Music was my first language. My mom used to sing to me when she was pregnant – communicating through the incredibly beautiful channel that only a mother and her baby share.
I grew up learning new things through music and from an early age knew how to speak some Portuguese from listening to my mom’s Samba and Bossa records. You know, Caetano Veloso, Gilberto Gil, Maria Bethania... Although it was happening in such a natural, fun, organic way, the truth is I was learning a new language. My English teacher was basically MTV and I now feel that education can be, and should be, like your favourite music.
As a self-taught artist, visualising music has always been one of my passions. Following my passion I began working on an exhibit called “The Muse Seek Project: The Romantic Idea of Visualising Music” – presenting visual art next to headphones playing songs. There was a little note next to each piece stating: “Observe the song, listen to the painting."
During my days working on the exhibit I visited a local public school to become a volunteer, having no idea that this school was divided in two groups of students: the hearing and the Deaf.
I felt it in my guts, I could develop a project that broke barriers between music and Deaf children across the Dominican Republic, a project that uses music as a tool for education.
When I saw the Deaf students signing and visualising sounds as a way to communicate, it blew my mind and immediately felt like “my calling”. I soon started a performance-research piece for the National Biennial of Arts. I wore noise cancelling headphones, didn’t use my voice for 60 days, and locked away all of my records and music instruments. I felt it in my guts, I could develop a project that broke barriers between music and Deaf children across the Dominican Republic, a project that uses music as a tool for education.
One of the things that makes our organisation so cool is that we do very weird initiatives. The Muse Seek Project’s vision is to make a fabulous and majestic musical out of the education system. Whale Muse Seek is an example of this – an outdoor educational activity that brings live whale music to Deaf students. Students can then learn about humpback whales, climate change and ocean conservation.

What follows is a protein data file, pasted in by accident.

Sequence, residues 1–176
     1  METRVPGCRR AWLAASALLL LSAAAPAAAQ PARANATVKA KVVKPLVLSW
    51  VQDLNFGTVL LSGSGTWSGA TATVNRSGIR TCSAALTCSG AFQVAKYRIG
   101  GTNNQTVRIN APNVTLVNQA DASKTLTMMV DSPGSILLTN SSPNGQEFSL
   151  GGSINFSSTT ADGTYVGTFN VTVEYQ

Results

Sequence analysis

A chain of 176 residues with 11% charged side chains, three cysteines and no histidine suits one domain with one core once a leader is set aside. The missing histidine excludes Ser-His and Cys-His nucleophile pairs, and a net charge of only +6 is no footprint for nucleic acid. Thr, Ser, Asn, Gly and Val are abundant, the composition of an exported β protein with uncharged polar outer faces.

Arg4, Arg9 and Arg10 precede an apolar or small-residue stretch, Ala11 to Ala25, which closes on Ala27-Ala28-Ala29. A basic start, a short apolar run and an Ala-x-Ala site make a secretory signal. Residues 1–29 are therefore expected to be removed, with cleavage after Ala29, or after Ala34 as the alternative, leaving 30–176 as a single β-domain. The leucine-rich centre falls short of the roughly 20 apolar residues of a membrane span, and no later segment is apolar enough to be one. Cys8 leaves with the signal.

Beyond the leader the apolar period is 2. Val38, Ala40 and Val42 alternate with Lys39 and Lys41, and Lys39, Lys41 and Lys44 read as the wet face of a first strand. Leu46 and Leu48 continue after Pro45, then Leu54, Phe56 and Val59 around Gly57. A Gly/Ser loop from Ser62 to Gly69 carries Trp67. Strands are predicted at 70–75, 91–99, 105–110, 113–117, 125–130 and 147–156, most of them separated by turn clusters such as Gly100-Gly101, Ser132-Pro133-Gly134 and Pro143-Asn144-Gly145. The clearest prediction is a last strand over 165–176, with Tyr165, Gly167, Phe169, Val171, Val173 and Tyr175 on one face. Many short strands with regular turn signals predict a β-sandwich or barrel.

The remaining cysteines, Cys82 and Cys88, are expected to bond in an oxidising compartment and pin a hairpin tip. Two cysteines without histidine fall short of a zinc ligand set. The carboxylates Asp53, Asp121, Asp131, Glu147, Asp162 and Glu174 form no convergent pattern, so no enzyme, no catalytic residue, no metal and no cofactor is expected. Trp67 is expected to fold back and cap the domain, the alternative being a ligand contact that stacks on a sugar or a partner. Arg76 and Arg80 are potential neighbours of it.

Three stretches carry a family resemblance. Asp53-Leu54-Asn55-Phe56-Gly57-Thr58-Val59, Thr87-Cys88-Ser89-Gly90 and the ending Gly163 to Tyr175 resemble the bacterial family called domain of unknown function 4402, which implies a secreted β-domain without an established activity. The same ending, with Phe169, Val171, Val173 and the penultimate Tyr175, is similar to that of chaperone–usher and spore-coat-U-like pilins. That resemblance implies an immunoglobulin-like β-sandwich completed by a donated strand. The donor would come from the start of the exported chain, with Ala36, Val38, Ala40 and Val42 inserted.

Just imagine more than 100 people – students, teachers, parents and guests – on a whale watching boat, wearing a special technology called SubPac, as it transfers musical vibrations directly to the body, creating the physical experience of music while humpback whales jump, play and sing all around.
After the success and impact of Whale Muse Seek I started my second research project. I asked the National School for the Deaf to allow me to attend high school – going everyday with the uniform, taking classes, and doing my own homework. I wanted to connect with the students, teachers and parents, so that I could get to know them, their fears and their dreams and understand their problems and help create solutions.
This is how my next initiative, If You Were Waiting For A Sign, was born. After being in the classrooms everyday I saw how teachers and students struggled to communicate, especially when it came to science. So to address this, we started producing books with marine biologists and professionals including:
- Pioneer Marine Biologist in the Dominican Republic, Idelisa Bonelly
- Marine Biologist Nathalie Ward
- Whale and Dolphin Conservation
- Scientist and Yale professor Richard Prum
- Columbia University’s Teachers College Deaf Education Program and Dr. Julia Silvestri
- The very first Dominican financial institution to promote Sign Language, access and inclusion Asociación Popular de Ahorros y Préstamos and Billini Hotel
- Domingo Contreras, National Direction of Special Projects (Ministry of the Presidency)
- The National University Pedro Henriquez Ureña
- Local and international schools for the Deaf
- Photographers Sahira Fontana, Geber García, and Richard Sobol
I was honoured to meet so many inspiring students and families – one such student was Luis Alberto. Most schools for the Deaf in my country don’t continue into the high school years, severely diminishing career and job opportunities. Since Luis Alberto had no access to 8th grade he repeated the 7th grade for three years – in the hope that one day he could advance.
Today, not only is Luis almost finishing high school, but he is a founding member of our organisation. Luis Alberto’s mom, Regina, shares her testimony: “I’ve always known that if these projects would not exist my son wouldn’t have been given any opportunities in life, because I am a single mother, very poor and he is Deaf. It has not been easy. But, now I feel different. Very different. This is changing our lives."
There are currently 70 million Deaf people in the world and only two per cent have access to suitable education in sign language. Join us and make a change. If you were waiting for a sign, this is it.
Learn more about Maria Batlle and the Maria Batlle Foundation here.
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